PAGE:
Aquaculture for all

New European Project to Develop Fish Vaccines Awarded 6 Million

Health Biosecurity Sustainability +5 more

UK, EUROPE - Leading Scottish life sciences firm Big DNA, located at the Roslin BioCentre, Edinburgh, has announced that it is part of a European wide consortium that has been awarded European Union funding under the €6 million Targetfish project.

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This major project is aimed at developing new aquaculture vaccines, of which BigDNAs proprietary phage M13 based chimeric vaccine technology, will be part.

The Framework 7 Targetfish Project, which lasts for five years, includes 30 collaborators, both industrial and academic, across 10 EU countries, and aims to develop affordable and effective vaccines against a range of economically important fish diseases, including those affecting salmon, trout and sea bass, amongst others.

Scotland is particularly well represented in the Project which involves four Scottish-based commercial companies and research institutes, of which Big DNA Ltd is one, and, which lays testament to the expertise available in the country for commercial aquaculture.

Dr John March (pictured), CEO of Big DNA commented: We are delighted to be part of this significant European initiative, which recognises the potential of our chimeric M13 phage-based vaccine technology for use in applications such as aquaculture. This further expands the utility of our platform technology in addition to our core interest in developing human healthcare products.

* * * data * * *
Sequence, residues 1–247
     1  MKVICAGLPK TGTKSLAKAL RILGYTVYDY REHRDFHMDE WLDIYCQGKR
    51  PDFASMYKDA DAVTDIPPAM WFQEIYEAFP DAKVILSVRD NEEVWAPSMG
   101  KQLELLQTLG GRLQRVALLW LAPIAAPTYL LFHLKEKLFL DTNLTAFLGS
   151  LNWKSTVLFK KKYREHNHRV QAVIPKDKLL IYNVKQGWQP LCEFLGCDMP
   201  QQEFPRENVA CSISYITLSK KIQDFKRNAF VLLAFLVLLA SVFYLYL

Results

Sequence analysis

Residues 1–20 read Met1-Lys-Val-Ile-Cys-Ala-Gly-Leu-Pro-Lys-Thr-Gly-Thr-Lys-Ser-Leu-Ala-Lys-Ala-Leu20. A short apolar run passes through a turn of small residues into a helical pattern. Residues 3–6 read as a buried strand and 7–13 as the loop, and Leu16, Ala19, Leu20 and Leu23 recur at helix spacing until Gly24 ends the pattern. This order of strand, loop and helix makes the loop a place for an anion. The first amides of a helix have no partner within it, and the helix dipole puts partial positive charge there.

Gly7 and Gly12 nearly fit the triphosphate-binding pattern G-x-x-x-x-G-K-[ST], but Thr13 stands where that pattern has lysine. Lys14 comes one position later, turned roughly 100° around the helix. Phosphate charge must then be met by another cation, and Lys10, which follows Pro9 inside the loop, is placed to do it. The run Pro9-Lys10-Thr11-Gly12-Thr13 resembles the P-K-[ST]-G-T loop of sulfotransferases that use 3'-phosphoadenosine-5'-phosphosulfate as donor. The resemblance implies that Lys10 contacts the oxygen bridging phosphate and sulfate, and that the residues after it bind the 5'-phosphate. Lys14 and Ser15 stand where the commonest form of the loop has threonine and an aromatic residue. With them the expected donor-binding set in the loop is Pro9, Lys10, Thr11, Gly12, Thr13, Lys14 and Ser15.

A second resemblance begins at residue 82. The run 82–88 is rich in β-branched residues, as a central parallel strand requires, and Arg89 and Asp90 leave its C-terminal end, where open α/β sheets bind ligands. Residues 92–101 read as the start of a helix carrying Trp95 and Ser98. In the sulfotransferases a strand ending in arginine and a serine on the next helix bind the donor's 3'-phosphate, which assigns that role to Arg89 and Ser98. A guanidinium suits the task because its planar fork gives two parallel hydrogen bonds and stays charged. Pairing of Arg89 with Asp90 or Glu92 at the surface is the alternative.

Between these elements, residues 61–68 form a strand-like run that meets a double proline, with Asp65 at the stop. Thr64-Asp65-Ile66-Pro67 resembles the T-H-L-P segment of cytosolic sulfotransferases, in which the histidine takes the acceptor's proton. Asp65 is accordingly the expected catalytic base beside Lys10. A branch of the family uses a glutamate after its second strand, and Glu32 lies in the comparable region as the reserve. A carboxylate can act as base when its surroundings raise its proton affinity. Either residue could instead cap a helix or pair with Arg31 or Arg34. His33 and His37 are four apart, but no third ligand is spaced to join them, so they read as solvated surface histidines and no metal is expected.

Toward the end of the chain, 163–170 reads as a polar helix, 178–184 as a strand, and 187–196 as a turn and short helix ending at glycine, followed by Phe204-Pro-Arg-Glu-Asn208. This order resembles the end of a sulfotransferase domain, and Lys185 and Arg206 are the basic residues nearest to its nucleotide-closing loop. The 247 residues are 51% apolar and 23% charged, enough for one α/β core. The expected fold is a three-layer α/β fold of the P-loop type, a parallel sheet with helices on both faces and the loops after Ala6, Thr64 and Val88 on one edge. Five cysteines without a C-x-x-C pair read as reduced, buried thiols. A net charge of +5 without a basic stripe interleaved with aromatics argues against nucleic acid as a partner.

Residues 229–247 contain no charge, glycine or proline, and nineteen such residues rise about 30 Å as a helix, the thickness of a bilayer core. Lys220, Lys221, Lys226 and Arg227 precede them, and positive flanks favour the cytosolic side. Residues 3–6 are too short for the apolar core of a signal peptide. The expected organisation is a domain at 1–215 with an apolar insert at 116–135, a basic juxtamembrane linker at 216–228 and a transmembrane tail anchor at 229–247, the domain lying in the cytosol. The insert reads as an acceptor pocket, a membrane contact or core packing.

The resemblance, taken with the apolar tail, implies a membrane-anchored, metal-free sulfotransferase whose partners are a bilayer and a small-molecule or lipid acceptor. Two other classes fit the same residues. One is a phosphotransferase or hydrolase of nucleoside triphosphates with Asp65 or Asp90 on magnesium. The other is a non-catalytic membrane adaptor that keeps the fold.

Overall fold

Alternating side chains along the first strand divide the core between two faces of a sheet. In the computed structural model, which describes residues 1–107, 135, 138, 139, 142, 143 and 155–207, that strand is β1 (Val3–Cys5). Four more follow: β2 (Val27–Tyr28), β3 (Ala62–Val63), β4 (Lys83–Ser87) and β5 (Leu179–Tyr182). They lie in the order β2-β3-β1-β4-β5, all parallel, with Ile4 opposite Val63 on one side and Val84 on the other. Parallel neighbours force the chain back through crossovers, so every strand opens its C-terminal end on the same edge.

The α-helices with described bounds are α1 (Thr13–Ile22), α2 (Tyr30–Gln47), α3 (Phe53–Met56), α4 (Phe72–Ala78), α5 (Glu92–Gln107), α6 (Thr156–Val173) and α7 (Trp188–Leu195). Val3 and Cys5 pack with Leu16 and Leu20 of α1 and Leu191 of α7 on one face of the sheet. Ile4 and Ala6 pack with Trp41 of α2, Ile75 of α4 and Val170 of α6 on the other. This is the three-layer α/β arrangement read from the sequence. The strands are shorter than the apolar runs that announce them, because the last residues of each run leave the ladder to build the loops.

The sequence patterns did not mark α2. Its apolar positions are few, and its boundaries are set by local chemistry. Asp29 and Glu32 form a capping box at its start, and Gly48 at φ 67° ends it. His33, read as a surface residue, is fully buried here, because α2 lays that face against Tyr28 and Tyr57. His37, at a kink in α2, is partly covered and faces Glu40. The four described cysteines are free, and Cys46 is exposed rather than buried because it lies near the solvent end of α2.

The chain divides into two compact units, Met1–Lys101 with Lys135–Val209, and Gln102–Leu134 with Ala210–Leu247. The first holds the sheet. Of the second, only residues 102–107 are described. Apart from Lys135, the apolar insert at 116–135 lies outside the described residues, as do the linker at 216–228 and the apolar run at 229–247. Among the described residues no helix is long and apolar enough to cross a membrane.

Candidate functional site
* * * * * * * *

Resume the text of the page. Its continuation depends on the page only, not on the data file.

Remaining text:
Rhona Alison, senior director of life sciences, Scottish Enterprise, said: "This news is very exciting for both Scottish Life Sciences and Big DNA. The level of Scottish participation as a whole in this European programme underlines the strength of the aquaculture sector here and builds on Scotland's increasing reputation as a leading international hub of life sciences expertise."

Big DNA has developed fish vaccines which are able to be administered through immersing the fish in tanks of water containing the vaccines, thus eliminating the need for use of needles which can damage the fish.

Further Reading

You can view more on the project by clicking here.
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